My mom was recently in town to visit me here in Medellín and we made a point to visit all the major attractions here in town.
No visit to Medellín would be complete without a visit to the Museo de Antioquia and Plaza Botero to view the works of Fernando Botero, the famous Medellín-born artist.
The Museo de Antioquia is in El Centro beside the popular Botero Plaza, just steps from the Parque Berrio metro station.
Upon arriving at Plaza Botero, be sure to take a moment to wander among the 23 bronze Botero statues scattered around the plaza and to take in the hustle and bustle of the square beneath the beautiful Gothic-style Rafael Uribe Palace of Culture.
Entrance to the museum costs 10,000 pesos ($5.50) and if you’d like to get more out of your visit to the museum, you can also rent the hand-held audio guide which can tell you more about certain individual works throughout the museum (available in English, as well).
The primary exhibit of the museum is the comprehensive collection of Fernando Botero’s paintings and sculptures, located on the third floor.
The museum staff, and myself, recommend you start on the third floor with his works and then work your way down.
Even if you don’t know the name Fernando Botero, you’ve probably seen his work at some point or another.
He is an artist with works featured all over the world, from Park Avenue in New York City to the Champs Elysées in Paris, and is certainly the most prominent painter and sculptor from Colombia.
Fernando Botero was born in Medellín in 1932.
Botero initially went to matador school to learn become a bullfighter, but went on to pursue the arts, living overseas and studying the works of famous artists in Madrid, Paris and Florence.
Botero’s works are best known for featuring plump, rotund people, animals, and objects.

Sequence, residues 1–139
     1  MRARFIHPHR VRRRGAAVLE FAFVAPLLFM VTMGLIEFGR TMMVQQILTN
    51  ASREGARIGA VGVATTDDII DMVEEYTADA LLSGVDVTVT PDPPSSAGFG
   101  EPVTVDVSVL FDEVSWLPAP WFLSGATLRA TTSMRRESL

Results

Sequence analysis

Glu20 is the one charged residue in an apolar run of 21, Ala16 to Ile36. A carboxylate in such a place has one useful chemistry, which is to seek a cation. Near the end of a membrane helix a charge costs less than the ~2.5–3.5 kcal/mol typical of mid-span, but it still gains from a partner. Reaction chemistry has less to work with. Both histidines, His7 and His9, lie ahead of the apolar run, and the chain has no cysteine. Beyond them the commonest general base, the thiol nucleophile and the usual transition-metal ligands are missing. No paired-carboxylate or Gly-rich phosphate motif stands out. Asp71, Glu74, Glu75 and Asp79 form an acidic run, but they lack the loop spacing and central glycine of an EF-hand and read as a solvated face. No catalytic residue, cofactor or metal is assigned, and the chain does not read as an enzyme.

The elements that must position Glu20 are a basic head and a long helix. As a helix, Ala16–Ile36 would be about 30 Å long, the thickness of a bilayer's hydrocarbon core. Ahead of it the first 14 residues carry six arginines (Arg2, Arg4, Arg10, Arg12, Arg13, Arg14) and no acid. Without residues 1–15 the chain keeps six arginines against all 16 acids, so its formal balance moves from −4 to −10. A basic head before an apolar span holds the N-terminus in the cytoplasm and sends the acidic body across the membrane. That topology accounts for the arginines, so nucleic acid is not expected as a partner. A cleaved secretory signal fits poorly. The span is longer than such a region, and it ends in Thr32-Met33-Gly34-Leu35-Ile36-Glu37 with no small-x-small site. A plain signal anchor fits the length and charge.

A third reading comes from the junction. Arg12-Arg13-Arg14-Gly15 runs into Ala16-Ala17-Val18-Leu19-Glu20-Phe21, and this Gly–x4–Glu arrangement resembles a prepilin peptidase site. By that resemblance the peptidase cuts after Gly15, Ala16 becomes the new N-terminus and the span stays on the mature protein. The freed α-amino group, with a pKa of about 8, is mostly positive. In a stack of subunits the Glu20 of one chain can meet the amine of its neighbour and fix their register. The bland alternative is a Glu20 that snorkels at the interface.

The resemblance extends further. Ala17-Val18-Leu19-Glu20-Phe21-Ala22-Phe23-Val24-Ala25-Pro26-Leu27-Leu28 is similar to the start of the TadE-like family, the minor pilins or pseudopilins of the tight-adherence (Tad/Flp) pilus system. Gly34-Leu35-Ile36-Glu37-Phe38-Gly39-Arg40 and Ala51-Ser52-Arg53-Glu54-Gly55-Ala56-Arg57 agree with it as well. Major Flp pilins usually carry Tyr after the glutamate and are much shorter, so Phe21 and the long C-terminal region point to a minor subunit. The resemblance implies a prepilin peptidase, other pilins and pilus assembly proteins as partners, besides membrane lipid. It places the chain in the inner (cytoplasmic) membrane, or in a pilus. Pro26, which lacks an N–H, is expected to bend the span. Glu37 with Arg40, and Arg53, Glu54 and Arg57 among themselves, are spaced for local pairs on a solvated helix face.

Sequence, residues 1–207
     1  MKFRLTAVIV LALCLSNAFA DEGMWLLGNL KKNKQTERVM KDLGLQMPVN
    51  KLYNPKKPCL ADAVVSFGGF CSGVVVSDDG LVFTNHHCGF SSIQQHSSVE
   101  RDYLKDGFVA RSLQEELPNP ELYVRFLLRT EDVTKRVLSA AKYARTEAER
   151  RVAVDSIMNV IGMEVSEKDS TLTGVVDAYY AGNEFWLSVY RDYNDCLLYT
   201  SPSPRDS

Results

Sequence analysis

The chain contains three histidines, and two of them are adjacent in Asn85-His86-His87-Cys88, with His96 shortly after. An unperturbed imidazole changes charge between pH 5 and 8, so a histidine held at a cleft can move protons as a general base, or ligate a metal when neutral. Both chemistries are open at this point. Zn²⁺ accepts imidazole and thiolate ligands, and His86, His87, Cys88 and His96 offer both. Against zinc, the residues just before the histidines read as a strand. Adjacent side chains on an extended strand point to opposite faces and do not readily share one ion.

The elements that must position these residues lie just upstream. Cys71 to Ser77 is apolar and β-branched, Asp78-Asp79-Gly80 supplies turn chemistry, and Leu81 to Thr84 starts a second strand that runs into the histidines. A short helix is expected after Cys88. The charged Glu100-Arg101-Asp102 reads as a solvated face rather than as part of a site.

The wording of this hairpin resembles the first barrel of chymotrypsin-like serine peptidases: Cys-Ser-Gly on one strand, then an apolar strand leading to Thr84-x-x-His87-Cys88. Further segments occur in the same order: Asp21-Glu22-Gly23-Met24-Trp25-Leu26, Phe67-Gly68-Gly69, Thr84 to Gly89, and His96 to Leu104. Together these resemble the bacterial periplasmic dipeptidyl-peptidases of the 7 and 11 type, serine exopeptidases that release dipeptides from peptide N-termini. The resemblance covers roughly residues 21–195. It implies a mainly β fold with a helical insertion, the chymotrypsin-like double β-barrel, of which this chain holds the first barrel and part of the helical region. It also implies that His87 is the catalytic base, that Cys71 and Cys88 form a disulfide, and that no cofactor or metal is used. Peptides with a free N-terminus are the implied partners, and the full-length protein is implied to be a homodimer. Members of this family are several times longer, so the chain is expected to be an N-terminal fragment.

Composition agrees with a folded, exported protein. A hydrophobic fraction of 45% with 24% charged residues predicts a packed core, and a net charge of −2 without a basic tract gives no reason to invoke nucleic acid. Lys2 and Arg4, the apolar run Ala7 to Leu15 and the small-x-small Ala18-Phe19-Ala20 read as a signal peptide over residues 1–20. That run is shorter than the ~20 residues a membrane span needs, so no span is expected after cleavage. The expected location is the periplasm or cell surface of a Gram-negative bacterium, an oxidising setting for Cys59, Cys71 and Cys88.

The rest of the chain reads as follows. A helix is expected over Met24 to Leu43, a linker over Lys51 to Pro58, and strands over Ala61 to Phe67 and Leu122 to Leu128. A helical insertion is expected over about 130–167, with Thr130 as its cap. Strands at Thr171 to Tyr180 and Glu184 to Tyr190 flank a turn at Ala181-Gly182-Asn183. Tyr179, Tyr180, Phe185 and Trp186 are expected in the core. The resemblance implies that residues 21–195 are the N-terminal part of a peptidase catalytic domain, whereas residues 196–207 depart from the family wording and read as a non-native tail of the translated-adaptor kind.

Botero did not consider his subjects “fat” but rather considered it an exploration of proportion, volume and form. His works are quite obvious for their distinctive style.
His subjects range from your standard still life, to local characters and cityscapes here in Antioquia, to bullfighting and the culture surrounding it, to the increasing violence in the era of Pablo Escobar–all of which are done in his signature style.
The Museo de Antioquia itself really got kickstarted in 1974 when it attempted to purchase one of Botero’s works in installments. Perhaps because of the unusual request, Botero’s response was to donate the piece to his hometown museum.
Botero continued to patronize his hometown museum by donating additional works, including a number of large, bulk donations, forcing the museum to search for its new (and current) home in 2000.
More than 90 of Botero’s works are housed at the Museo de Antioquia.
The museum also contains a number of other exhibits, including a hall featuring the works of international artists, mostly modern art, an exhibit featuring religious and colonial art from the period of conquest here in South America, among other works and exhibitions.
The Museo de Antioquia is absolutely worth a visit whether you are just briefly passing through Medellín or will be staying here more long-term.
You can easily spend a few hours exploring the Botero hall and other exhibits at the Museo de Antioquia and becoming better acquainted with Medellín’s most famous artist.
The museum also features a nice gift shop with unique, local items along with a nice cafe and restaurant on the first floor.
I highly recommend capping your visit to the museum with a fresh fruit juice on their outdoor patio where you can take in the lively and vibrant Plaza Botero.